April 9, 2011
19th (and Final) Interview with My Dad, a Nuclear Engineer, about the Fukushima Daiichi Nuclear Power Plant Disaster in Japan
You can listen to all the interviews on the new vimeo channel Brandon and I created. You can also listen to most of the interviews on Brad Go’s YouTube channel.
Here’s the vimeo channel:
This evening my dad and I recorded our 19th interview on the Fukushima nuclear power plant disaster. Please see the rest of the blog (sidebar) for previous interviews. This is the final interview in our series. If you would like to send a message to me or my father about this or any of the previous interviews, you can do so in a comment below or by sending an email to email@example.com. You can also follow me on twitter @GeoEvelyn. My dad in particular has put an enormous amount of work into research for these interviews. If you would like to send him a thank-you message, I promise to pass it along to him.
In today’s interview:
1. My dad gives a quick update about Fukushima
2. My dad discusses 5 types of Generation III and Generation III+ nuclear power plants (click on links below for more information on each plant):
(a.) EPR AREVA
(e.) Thorium Reactors
Several links, thanks to a listener also named Mark:
(3.) My dad talks about the importance of evaluating spent fuel pool safety & long-term storage of spent fuel rods
Hope to have an audio link soon. Here is the interview on vimeo:
Please see the announcement page for more information about these interviews:
If you have time and interest, please transcribe this interview or volunteer to transcribe Interviews 17 & 18 (16 is in progress). This is our last interview.
Some Final Notes:
As I announced before, I will be compiling all of the interview transcripts into a book that I will be self-publishing on Lulu. My goal is to have this book available by the end of April. I will try to keep the cost of the book fairly low, and I will donate 25% of the book profits to charities (such as the Red Cross, see the sidebar for a list of charities) benefiting Japan earthquake and tsunami disaster relief. The remaining profits I will use to recover some the expenses I had to put forth (paying for several different recording softwares before Skype came forward and helped, a new headset, and video hosting costs on vimeo) over the past month. Anything leftover I will share with my dad, who has put forth a tremendous amount of effort for these interviews. If you would like to support us (and Japan disaster relief), you can buy the book from Lulu when it comes out and/or you can use the paypal button (see blog sidebar) to make a small donation. If you prefer that 100% of your money goes to Japan earthquake and tsunami disaster relief, please consider a donation to one of the charities listed on my blog sidebar or any of a number of other relief organizations.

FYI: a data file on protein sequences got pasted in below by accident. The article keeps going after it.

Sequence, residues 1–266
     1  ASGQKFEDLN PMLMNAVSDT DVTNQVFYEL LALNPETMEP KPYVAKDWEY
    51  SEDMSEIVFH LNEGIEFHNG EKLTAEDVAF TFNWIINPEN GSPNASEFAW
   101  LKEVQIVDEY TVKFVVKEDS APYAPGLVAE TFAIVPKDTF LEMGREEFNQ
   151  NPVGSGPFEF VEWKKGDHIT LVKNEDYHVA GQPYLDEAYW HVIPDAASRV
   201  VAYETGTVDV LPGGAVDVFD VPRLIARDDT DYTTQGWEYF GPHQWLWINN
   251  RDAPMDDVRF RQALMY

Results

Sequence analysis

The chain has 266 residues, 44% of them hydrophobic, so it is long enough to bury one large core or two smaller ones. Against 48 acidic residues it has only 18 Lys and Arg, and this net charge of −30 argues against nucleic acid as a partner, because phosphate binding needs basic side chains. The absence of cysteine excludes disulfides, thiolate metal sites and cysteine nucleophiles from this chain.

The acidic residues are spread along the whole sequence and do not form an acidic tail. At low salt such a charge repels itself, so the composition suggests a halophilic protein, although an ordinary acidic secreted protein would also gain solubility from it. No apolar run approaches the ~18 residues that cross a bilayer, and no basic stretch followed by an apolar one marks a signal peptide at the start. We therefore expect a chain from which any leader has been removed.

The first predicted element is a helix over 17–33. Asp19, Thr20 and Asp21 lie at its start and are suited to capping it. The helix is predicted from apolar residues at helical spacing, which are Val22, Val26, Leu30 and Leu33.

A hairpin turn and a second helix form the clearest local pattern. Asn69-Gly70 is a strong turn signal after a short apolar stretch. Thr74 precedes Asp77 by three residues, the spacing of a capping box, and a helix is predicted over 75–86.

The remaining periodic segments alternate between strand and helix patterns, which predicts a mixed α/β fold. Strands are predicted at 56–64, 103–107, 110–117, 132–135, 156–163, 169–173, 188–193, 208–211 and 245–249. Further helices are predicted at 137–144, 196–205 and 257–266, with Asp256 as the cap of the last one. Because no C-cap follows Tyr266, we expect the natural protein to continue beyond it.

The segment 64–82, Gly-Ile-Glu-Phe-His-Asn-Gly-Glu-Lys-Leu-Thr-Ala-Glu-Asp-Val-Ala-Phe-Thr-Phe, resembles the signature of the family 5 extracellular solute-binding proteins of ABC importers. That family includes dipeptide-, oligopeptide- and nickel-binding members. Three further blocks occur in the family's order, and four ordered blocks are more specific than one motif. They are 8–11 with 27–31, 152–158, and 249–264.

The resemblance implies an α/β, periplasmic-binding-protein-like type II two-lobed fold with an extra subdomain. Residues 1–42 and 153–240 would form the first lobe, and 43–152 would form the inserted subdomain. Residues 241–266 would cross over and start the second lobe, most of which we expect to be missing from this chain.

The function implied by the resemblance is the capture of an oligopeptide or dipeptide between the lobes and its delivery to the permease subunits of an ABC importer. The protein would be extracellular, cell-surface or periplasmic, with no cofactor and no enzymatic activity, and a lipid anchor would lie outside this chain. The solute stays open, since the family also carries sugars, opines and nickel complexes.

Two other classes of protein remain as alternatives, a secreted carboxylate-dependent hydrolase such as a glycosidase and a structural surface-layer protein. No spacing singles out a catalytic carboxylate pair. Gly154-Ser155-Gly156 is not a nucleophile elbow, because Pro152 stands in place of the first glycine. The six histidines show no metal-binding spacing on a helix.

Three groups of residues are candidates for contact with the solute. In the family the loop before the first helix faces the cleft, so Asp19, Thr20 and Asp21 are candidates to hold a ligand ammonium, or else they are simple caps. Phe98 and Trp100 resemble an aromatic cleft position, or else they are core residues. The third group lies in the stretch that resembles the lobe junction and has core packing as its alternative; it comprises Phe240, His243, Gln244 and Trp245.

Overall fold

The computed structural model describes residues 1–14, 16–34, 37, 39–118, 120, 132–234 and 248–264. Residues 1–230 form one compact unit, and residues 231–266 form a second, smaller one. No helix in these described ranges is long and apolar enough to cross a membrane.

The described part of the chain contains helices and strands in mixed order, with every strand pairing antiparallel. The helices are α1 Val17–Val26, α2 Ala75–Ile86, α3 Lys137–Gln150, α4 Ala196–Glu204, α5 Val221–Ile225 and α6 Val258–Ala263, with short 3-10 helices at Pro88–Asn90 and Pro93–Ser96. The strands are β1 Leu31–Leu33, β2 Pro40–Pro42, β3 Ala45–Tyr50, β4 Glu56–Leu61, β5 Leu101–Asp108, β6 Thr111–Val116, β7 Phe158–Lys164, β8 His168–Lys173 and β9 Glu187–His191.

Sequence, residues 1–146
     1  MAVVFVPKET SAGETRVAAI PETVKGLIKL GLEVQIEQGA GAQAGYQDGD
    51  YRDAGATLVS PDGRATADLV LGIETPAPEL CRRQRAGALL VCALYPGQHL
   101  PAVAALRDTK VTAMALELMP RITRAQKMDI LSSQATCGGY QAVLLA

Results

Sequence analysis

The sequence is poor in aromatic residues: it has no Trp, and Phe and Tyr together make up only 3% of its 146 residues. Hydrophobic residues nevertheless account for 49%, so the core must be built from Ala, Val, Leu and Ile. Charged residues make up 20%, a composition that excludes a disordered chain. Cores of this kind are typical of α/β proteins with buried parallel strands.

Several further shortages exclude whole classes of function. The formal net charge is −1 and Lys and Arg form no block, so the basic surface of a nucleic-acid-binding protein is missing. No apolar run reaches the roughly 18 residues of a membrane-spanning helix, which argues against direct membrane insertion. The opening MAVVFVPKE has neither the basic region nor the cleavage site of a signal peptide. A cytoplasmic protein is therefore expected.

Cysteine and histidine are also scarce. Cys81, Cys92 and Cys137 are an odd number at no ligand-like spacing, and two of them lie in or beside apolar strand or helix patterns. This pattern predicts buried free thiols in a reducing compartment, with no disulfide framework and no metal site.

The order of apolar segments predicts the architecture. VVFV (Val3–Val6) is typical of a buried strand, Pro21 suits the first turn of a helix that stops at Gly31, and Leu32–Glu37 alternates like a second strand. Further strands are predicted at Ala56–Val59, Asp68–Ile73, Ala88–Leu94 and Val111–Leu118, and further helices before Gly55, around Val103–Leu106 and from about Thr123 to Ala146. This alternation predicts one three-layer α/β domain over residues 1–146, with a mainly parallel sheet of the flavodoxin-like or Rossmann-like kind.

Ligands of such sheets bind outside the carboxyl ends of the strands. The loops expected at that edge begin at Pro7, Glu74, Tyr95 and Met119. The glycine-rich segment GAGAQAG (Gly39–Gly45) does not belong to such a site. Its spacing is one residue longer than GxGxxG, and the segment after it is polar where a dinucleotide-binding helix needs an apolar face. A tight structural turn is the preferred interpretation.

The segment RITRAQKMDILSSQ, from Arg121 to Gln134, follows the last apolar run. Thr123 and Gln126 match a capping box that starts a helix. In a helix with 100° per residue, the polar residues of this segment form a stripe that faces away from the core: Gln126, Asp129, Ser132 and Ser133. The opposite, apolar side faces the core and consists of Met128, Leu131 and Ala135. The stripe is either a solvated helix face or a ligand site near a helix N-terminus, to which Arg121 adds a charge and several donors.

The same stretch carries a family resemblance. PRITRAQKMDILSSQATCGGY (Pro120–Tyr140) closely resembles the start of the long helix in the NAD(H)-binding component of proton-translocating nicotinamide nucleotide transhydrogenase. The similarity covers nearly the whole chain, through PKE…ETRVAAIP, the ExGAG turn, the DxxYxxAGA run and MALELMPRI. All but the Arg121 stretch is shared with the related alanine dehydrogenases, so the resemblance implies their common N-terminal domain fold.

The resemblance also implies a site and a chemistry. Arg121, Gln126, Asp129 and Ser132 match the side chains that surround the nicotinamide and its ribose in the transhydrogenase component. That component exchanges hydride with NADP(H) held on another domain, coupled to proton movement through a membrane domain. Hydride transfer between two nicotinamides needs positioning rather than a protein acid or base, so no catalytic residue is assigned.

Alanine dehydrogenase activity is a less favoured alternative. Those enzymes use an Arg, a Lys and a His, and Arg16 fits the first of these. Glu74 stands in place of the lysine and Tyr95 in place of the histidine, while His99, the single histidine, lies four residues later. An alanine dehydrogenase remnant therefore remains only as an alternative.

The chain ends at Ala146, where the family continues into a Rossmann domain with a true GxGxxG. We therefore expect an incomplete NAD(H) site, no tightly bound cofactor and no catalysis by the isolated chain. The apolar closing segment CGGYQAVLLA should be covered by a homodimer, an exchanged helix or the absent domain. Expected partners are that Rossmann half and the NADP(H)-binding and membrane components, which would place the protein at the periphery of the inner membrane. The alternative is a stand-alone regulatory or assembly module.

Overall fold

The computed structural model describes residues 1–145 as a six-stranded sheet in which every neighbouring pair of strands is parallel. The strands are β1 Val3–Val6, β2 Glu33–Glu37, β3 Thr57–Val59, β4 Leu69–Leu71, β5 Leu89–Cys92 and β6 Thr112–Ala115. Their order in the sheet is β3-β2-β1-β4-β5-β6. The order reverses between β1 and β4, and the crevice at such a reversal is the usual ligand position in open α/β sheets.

The interview audios and transcripts will remain freely available here always. I also hope to put together the audios in podcast format in the near future– if you have tips on how to make this happen, please post a comment or send an email.
Finally, I would like to say a big THANK YOU you to all of the people who volunteered their time and expertise to help me with audio quality, hosting, and transcriptions. My helpers are too numerous for me to list here, but I will compile a long thank you list (first names) to put in the Lulu book. I have already mailed many of you pretty rocks as thank-you presents. There are still a few of you I need to mail rocks to– I will try to do so in the next couple of weeks. Note that I am a geologist and so I consider *most* rocks pretty, but hopefully some of you appreciate the rocks I have sent you.
I would also like to say a big THANK YOU to all of the thousands upon thousands of people who listened to these interviews, read these interviews, and sent my father and I comments and emails. We hope that these interviews have been helpful for you, and we are happy that we were able to continue them as long as we did– a full month.
In the near future this blog will return to being a geology blog. I hope that a few of you will stay to learn about geology and read about some of my geological travels and adventures. However, I will not be offended at all if many of you decide to no longer follow this blog, which will no longer focus on nuclear power.
As a transition back to geology, in a few days I will blog a little about the Oklo Natural Nuclear Reactor— a nuclear reactor that occurred naturally due to some unusual conditions a long, long time ago in what is today Gabon, Africa. There is no danger of natural nuclear reactors developing on Earth today, but this is an interesting ancient geological phenomenon that can teach a little about nuclear reactors, including possible lessons for long-term storage and migration of nuclear fission products.